Berklee today

OCT 2015

Berklee today is the official alumni publication of Berklee College of Music in Boston, Massachusetts. It is a forum for contemporary music and musicians.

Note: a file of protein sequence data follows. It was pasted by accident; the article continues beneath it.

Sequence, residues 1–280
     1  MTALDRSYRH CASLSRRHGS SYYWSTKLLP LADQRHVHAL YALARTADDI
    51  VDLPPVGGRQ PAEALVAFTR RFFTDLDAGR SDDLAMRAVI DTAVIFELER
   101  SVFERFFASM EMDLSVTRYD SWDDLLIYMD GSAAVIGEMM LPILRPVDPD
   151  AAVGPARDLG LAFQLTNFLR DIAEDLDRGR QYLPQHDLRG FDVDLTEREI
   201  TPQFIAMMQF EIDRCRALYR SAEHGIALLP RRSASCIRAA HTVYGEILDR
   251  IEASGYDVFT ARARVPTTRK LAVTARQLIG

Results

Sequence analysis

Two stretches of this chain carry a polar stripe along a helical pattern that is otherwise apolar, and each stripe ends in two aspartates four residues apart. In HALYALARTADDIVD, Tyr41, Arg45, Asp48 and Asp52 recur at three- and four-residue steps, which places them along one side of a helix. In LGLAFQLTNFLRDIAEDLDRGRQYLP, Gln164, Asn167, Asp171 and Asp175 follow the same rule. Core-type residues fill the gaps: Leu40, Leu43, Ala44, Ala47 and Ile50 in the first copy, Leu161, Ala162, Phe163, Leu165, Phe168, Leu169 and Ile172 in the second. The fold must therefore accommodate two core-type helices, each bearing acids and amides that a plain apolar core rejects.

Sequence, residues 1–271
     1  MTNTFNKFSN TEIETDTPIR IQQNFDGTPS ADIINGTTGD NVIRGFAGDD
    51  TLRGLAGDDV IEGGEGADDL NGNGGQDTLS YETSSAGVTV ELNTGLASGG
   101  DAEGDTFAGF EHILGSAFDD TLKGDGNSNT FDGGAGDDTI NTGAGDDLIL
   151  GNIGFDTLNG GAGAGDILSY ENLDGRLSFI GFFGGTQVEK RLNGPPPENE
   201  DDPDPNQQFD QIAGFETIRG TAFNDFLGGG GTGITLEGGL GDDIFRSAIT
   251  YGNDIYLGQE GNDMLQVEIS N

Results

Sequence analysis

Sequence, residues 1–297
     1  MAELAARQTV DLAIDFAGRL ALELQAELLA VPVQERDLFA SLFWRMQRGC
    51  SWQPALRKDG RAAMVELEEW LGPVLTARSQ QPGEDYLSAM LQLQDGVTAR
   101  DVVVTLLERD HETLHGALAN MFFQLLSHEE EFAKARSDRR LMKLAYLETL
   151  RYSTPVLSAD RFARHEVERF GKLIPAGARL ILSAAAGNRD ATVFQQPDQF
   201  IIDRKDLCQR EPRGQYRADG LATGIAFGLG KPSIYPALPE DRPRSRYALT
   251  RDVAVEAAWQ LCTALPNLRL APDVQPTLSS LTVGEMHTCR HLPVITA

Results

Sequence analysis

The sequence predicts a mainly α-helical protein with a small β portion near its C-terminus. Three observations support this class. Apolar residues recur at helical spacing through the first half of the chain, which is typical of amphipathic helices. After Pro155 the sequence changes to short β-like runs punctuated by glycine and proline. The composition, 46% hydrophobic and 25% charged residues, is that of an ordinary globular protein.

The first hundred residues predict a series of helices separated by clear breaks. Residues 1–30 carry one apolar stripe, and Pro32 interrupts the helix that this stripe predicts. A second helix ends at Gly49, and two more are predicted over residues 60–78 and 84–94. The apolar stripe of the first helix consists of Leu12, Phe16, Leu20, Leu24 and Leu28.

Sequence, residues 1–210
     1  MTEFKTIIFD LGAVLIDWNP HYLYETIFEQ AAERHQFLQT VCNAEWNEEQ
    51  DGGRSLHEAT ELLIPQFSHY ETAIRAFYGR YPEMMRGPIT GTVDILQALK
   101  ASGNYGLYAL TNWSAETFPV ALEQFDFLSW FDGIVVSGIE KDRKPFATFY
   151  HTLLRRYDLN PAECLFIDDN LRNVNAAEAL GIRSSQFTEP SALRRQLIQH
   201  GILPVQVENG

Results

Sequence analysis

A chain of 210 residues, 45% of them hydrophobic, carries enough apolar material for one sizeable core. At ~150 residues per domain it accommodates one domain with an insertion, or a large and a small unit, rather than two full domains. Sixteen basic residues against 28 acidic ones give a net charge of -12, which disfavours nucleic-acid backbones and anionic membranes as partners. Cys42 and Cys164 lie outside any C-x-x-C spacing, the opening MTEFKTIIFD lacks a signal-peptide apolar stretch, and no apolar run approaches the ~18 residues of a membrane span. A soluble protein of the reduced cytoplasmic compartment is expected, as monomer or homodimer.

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Growing up in Belfast, Northern Ireland, flm composer Andrew Simon McAllister, was a child during "the troubles," the sectarian fghting that fared there for a time. "I remember being very young and going to the shopping area in the city center with my mother," McAllister says with a distinctive brogue. "We had to go through turn- stiles past soldiers holding machine guns. I remember holding very tight- ly to my mum's hand as we went." Given that backdrop, McAllister was an ideal choice to score the flm 2014 flm Shooting for Socrates, half of which was set in Northern Ireland. "It's a sports flm about the Northern Ireland football team going to the Mexican World Cup to play Brazil in 1986 during the height of the troubles," he says. "While the team was playing, there was no fghting in the streets, everyone was inside watching the game on TV. It brought the country together." In addition to his ability to write cues for violin, guitar, and fute with an Irish lilt as he did for Socrates, McAllister creates music in a range of styles for dramatic features, docu- mentaries, and video games. His scores may feature full orchestra (Planet of the Apemen miniseries), solo piano and chamber ensemble (BBC World War I drama 37 Days), pop songs (MTV's My Super Sweet 16), and electronically manipulated sounds. McAllister draws on his life experi- ences as well his musical and techni- cal fnesse to create the right atmo- sphere in the flms he scores. For years, McAllister has worked out of his home studio in Belfast where he lives with his wife and their two young children. He shuttles regu- larly to London for meetings and larger recording sessions at Air Edel, the production company that now repre- sents him. Raised in a musical family, McAllister grew up playing trumpet, cornet, and French horn before picking up the guitar at 11 years old. After grad- uating from high school, he earned a bachelor's degree in electro-acoustic composition at Queens University in Belfast. "It was a good education, although I had always wanted to go to Berklee," he says. "But there was no way my family could consider that when Queens University was free." For a time, he operated a small recording studio and was writing— as he terms it—"daft punk music" with his cousin, Nathan Connolly. After Connolly joined the success- ful Irish alternative rock band Snow Patrol, McAllister decided to go to Berklee. "I already had a degree from Queens University, but I got another from Berklee because there wasn't a master's program back then. Looking back, it was a good choice." McAllister received a performance scholarship as a guitar principal but soon changed his focus. "When I got to Berklee, I saw so many incredible play- ers," he recalls. He began practicing with such intensity that he developed hand problems. "At the same time I was getting high marks in the compo- sition classes," he relates, "and after taking the Introduction to Film Scoring class, I knew I really wanted to be a flm scoring major." Upon graduating summa cum laude from Berklee in 2008, McAllister and his wife lived briefy in Los Angeles, where he gained experi- ence writing for MTV, PBS documen- taries, and other projects. "The MTV work came through a publishing company that was looking for songs for shows like My Super Sweet 16," he says. "I still get royalties for some of the work I did there." After returning to Northern Ireland, McAllister endured serious health problems that lasted for a year. Once he recovered, he began visiting production companies seeking work. "Many were using library music rather than hiring a composer," he says. "But I kept trying. When you're starting out you'll hear no a lot, so you have to have a thick skin." After persistent effort, McAllister began writing for local pro- grams and short flms. Scoring three- Creating the Right Atmosphere Andrew Simon McAllister '08 By Mark Small Andrew Simon McAllister alumni profle 1986 Guitarist Kevin Kastning of Groton, MA, released the album Otherworld on Greydisc Records. Visit kevinkastning.com. 1987 Joe Doyle of Nashville, TN, had his song "Back to Bethlehem" recorded by Kenny Rogers for Rogers's new album Once Again It's Christmas. Visit joedoylesongs.com. 1988 Saxophonist Mario Perrett of Stoneham, MA, is featured on blues guitarist Ronnie Earl's latest album Father's Day on Stony Plain Records. It debuted at number three on Billboard magazine's blues chart. Perrett is also an artist in residence at Wally's Café jazz club in Boston. Tony Schultz of North Quincy, MA, was elected as the vice president of the Eastern Region of U.S. and Canada for the Audio Engineering Society. He has owned and operated Big T Productions for 26 years. Visit bigtproductions.com. Vocalist Luciana Souza of Los Angeles, CA, released the album Speaking in Tongues, featuring Lionel Loueke '00, Massimo Biolcati '99, and Kendrick Scott '03. Visit lucianasouza.com. Loïc Souriant '82 episodes of the BBC miniseries Planet Earth: Planet of the Apemen, required nearly three hours of orchestral music. That was his frst big project for the BBC, others would follow. An admitted workaholic, McAllister is hands-on with the writ- ing, engineering, and playing of some of the instruments for his scores. Until recently, he also handled the admin- istration work. "I was wrangling with producers and directors about con- tracts and then trying to sit down and be musical," he says. "That's when I felt it was time to get an agent." In November 2014, after his score for the BBC drama 37 Days was nominated for a Royal Television Society award, he signed with Air Edel. He recently scored the indepen- dent flm My Lonely Me, which has been nominated for a World Music and Independent Film Festival Award for best soundtrack. He's also com- posing for the video game Mulbury Project by the developers of the popu- lar Hitman and Hitman Resolutions games. His sonic palette has broad- ened since he began scoring. "It's changed quite a lot since I left Berklee," he says. "I was a big John Williams fan then, trying to write melodic orches- tral cues. You can do many different things now." For 37 Days, McAllister mixed big orchestral sounds with elec- tronic e-pulse cues, and more. Sometimes the flm isn't calling for a tuneful or feel-good score. McAllister used only guitar tracks and sounds he produced by rubbing and tapping glass for the score for The Healer. For the forthcoming documen- tary Hostage to the Devil, about the life of Irish Catholic priest, author, and exorcist Malachi Martin, he deliber- ately created an unsettling score. "My cousin and I recorded hours of really weird and annoying noises and then I added orchestra and an opera singer. I wanted people to walk out of the cinema feeling glad they were out of there." Whatever kind of soundtrack a flm needs, McAllister will explore until he fnds it. Fall 2015 31 Mark Small